Libya says it got no compensation for WMDs

Sept. 14, 2005 at 10:56 AM
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TRIPOLI, Libya, Sept. 14 (UPI) -- Senate Foreign Relations Committee Chairman Richard Lugar wrapped up a two-day official visit to Libya on Aug 20.

During talks with Libyan leader Muammar Gadhafi, Gadhafi told him he had received inquiries from both Iranian and North Korean officials about what he had received from Washington as compensation for abandoning his covert nuclear weapons program. When Gadhafi said that he answered their queries with "nothing," Lugar reminded him that U.S. oil companies were flocking into the country.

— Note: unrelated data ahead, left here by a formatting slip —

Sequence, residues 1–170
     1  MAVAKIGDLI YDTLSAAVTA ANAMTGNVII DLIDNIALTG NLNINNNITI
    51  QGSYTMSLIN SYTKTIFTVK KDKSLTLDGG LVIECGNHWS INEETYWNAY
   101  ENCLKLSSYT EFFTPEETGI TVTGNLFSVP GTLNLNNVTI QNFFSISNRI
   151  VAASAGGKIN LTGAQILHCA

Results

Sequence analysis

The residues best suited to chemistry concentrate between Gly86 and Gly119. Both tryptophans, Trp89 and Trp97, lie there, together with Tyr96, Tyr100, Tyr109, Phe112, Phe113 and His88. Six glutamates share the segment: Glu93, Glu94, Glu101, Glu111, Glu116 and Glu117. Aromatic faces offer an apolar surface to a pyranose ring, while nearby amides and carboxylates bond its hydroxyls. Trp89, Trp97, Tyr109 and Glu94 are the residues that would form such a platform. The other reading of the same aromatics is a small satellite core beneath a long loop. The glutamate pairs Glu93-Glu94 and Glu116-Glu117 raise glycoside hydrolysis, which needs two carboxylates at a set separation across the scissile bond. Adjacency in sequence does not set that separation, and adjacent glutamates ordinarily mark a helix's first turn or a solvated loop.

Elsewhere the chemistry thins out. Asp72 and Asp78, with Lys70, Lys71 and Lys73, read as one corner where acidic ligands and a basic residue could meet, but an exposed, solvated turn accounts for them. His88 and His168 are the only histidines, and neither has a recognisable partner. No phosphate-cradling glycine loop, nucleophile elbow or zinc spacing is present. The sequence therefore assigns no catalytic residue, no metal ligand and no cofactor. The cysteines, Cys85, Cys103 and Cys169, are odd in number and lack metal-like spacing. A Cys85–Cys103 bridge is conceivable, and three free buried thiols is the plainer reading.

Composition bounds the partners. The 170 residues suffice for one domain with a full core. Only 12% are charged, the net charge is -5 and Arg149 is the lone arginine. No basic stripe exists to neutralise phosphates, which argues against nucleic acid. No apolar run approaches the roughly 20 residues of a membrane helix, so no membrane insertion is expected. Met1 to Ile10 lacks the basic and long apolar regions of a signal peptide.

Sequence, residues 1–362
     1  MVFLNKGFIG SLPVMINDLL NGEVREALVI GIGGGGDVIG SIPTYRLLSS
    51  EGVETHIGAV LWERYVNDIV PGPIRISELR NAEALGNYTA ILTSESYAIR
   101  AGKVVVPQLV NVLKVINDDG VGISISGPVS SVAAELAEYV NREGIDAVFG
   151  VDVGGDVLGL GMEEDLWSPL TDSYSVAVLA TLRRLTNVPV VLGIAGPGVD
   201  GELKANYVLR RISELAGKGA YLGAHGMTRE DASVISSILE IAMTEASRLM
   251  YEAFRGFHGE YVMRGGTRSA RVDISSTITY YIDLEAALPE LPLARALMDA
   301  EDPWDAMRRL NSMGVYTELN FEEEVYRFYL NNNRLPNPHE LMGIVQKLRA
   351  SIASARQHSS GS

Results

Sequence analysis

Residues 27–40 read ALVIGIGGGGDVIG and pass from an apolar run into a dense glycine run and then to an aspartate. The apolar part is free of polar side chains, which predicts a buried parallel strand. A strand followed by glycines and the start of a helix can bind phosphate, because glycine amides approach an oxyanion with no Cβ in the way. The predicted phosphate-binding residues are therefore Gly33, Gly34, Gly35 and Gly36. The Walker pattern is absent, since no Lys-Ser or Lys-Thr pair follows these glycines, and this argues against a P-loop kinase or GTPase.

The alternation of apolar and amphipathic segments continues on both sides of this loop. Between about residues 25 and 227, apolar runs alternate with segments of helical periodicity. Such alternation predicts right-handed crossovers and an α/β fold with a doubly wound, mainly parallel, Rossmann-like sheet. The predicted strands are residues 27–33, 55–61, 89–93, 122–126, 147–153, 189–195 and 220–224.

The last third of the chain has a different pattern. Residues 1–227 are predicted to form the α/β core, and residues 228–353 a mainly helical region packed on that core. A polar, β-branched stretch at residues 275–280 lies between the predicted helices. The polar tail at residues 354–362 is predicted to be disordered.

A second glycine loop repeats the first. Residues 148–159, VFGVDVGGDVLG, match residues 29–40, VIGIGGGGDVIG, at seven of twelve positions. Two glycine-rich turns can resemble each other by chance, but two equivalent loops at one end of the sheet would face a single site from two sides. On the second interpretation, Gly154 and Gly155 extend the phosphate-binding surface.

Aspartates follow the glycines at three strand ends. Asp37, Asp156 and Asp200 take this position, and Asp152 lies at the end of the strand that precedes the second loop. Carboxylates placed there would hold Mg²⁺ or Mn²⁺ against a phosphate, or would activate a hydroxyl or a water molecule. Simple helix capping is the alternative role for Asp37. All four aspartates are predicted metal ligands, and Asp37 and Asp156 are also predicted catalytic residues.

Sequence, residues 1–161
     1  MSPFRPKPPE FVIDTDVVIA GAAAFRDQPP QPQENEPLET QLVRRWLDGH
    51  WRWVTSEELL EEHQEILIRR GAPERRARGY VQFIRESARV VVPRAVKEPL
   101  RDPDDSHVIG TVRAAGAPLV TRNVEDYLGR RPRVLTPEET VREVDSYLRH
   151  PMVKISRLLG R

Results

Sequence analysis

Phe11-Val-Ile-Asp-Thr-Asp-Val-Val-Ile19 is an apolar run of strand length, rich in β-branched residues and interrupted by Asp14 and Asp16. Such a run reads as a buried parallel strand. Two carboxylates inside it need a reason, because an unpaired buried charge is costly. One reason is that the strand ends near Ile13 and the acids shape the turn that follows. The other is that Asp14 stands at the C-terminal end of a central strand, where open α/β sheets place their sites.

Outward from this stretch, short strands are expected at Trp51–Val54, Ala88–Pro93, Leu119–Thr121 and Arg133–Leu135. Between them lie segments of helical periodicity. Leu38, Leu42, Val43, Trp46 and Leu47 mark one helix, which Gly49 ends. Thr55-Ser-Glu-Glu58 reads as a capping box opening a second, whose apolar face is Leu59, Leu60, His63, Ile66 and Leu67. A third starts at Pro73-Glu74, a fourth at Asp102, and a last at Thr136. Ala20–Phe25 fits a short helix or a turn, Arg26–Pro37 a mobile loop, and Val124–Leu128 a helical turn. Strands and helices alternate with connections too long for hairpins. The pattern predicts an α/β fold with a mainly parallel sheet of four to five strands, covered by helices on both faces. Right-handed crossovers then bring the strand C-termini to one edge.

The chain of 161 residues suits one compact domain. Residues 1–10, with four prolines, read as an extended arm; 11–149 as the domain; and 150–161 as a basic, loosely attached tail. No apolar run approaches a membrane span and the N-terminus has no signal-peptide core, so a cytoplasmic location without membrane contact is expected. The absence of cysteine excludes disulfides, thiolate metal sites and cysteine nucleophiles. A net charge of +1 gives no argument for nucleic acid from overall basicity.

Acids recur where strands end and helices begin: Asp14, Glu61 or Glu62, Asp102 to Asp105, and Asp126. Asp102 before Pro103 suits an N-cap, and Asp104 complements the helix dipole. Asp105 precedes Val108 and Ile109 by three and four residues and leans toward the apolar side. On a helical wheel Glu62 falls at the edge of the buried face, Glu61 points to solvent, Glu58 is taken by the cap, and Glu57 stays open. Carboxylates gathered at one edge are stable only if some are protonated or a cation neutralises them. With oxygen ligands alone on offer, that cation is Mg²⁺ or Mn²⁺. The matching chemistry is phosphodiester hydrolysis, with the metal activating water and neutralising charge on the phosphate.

After declaring Libya a "state sponsor of terrorism" the Reagan administration broke diplomatic ties with Tripoli in 1980. In December 2003 Libya announced that it had stopped seeking weapons of mass destruction and accepted responsibility for the 1988 bombing of a Pan Am passenger plane over Lockerbie, Scotland, which killed 270 people. Gadhafi's about face led to a dramatic warming of ties between Libya and Washington. At the end of his talks with Lugar Gadhafi invited President George W. Bush and Secretary of State Condoleezza Rice to visit Tripoli.

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